Chapter

Epilogue

David Francis Taylor

in Theatres of Opposition

Published in print February 2012 | ISBN: 9780199642847
Published online May 2012 | e-ISBN: 9780191738869 | DOI: http://dx.doi.org/10.1093/acprof:oso/9780199642847.003.0008
Epilogue

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  • Literary Studies (Plays and Playwrights)
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In this conclusion, I use graphic satires by the likes of James Gillray, Isaac Cruikshank, and William Dent as a means of both reaffirming and problematizing Sheridan’s ‘theatrical politics’. Sheridan appeared in close to 500 political caricatures during his life, and a survey of these prints—which frequently appropriated the characters and vocabularies of his own plays, of Shakespeare’s works, and of the pantomime—shows how entrenched tensions between the propriety of parliament and the supposed impropriety of the playhouse provided a constant impediment to Sheridan’s political aspirations. The language of drama deployed in caricatures of Sheridan was powerfully charged with particular social and moral values: theatrical politics becomes, in such graphic satire, a lower-class politics of insincerity.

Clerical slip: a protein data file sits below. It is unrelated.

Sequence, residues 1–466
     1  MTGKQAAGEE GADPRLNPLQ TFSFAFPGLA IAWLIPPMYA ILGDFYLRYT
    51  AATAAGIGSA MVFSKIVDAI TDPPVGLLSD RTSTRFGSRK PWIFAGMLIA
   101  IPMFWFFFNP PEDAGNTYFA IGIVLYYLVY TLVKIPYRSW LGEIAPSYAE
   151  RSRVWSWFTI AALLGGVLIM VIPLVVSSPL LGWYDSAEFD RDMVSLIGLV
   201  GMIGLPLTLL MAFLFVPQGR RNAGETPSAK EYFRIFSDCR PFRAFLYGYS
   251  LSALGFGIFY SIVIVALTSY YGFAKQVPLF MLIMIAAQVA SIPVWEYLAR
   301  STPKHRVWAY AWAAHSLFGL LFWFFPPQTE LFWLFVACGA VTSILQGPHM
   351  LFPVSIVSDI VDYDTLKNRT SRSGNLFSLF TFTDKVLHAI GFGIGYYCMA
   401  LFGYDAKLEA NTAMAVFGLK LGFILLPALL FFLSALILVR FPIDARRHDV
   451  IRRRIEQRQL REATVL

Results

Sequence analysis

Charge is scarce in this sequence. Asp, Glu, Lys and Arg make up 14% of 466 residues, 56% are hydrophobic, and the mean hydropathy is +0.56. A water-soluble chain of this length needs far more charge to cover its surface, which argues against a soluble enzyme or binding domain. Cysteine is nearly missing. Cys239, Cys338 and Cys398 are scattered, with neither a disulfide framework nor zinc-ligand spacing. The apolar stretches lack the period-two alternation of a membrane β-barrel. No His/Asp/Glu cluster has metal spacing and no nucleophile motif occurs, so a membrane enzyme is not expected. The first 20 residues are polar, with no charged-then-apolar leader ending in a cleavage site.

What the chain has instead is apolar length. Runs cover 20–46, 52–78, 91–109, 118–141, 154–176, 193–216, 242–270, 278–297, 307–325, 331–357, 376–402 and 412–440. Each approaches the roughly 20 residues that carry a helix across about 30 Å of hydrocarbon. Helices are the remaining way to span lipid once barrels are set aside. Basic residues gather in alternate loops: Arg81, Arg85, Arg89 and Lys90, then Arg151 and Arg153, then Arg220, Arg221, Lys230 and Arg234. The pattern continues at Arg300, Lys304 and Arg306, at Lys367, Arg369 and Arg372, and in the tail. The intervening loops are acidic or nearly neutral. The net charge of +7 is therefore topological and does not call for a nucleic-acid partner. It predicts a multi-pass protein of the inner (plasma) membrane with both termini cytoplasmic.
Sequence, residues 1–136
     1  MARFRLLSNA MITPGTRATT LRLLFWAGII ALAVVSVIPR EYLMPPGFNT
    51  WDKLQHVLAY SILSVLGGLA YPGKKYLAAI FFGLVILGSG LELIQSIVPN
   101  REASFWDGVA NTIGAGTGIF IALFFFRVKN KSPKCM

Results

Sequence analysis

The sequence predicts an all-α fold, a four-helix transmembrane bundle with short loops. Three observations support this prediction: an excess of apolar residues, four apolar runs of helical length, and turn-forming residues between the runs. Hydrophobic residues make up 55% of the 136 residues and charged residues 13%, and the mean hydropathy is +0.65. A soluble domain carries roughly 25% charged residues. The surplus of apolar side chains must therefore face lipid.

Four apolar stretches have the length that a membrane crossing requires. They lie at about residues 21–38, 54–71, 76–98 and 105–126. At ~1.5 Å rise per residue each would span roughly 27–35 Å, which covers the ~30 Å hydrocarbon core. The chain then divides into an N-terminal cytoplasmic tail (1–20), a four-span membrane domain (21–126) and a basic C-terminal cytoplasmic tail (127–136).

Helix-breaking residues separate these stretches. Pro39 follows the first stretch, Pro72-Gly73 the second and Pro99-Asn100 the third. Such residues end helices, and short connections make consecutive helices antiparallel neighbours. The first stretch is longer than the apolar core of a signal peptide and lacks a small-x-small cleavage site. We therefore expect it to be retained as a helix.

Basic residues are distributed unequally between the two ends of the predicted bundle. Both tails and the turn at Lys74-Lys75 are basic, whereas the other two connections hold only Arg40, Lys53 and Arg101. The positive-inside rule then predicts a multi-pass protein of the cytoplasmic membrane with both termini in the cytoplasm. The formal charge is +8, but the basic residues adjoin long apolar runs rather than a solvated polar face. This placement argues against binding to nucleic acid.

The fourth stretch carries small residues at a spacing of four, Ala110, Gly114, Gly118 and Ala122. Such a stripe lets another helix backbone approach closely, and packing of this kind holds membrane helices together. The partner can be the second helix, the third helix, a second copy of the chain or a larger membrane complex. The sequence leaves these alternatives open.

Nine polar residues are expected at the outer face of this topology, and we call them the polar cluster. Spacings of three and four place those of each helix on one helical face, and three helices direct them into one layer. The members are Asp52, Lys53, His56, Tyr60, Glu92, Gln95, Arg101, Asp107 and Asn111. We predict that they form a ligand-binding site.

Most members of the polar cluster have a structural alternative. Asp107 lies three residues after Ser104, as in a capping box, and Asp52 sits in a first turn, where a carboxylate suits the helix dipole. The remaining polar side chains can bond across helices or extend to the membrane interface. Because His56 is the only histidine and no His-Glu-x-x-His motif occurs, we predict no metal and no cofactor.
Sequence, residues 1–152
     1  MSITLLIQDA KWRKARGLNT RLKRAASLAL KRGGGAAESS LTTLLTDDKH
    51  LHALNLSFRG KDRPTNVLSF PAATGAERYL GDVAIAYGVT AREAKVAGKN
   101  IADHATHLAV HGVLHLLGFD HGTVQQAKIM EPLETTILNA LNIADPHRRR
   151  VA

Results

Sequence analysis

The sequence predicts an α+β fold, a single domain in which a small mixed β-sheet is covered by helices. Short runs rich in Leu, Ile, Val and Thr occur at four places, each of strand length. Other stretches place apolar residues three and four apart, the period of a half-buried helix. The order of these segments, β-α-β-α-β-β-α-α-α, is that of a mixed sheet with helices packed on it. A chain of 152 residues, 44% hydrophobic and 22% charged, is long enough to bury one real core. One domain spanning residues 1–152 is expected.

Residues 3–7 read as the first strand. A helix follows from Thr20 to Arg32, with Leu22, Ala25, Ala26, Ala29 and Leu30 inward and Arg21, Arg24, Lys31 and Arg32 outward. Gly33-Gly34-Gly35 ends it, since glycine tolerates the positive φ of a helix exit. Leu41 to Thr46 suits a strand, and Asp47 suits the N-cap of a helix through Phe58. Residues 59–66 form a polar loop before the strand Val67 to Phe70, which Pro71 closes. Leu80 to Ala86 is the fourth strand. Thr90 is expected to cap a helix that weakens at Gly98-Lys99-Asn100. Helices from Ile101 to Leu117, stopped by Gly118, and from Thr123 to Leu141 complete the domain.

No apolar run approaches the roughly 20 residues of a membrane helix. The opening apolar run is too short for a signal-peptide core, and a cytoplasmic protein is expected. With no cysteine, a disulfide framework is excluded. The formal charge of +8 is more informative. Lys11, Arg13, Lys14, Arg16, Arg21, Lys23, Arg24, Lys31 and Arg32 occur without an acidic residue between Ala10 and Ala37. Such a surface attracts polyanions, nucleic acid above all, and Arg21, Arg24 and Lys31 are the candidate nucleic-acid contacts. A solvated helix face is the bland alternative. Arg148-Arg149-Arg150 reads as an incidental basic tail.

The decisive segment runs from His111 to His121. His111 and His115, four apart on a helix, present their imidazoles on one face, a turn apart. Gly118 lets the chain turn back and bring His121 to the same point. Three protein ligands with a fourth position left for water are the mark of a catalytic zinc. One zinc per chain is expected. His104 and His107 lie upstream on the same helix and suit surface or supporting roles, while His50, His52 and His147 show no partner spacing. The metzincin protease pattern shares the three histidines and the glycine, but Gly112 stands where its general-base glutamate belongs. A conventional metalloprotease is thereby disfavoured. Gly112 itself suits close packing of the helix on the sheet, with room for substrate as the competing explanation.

Keywords: cartoon; caricature; graphic satire; Shakespeare; Sheridan; pantomime; Harlequin; class; insincerity

Chapter.  9089 words.  Illustrated.

Subjects: Literary Studies (Plays and Playwrights) ; Literary Studies (1500 to 1800)

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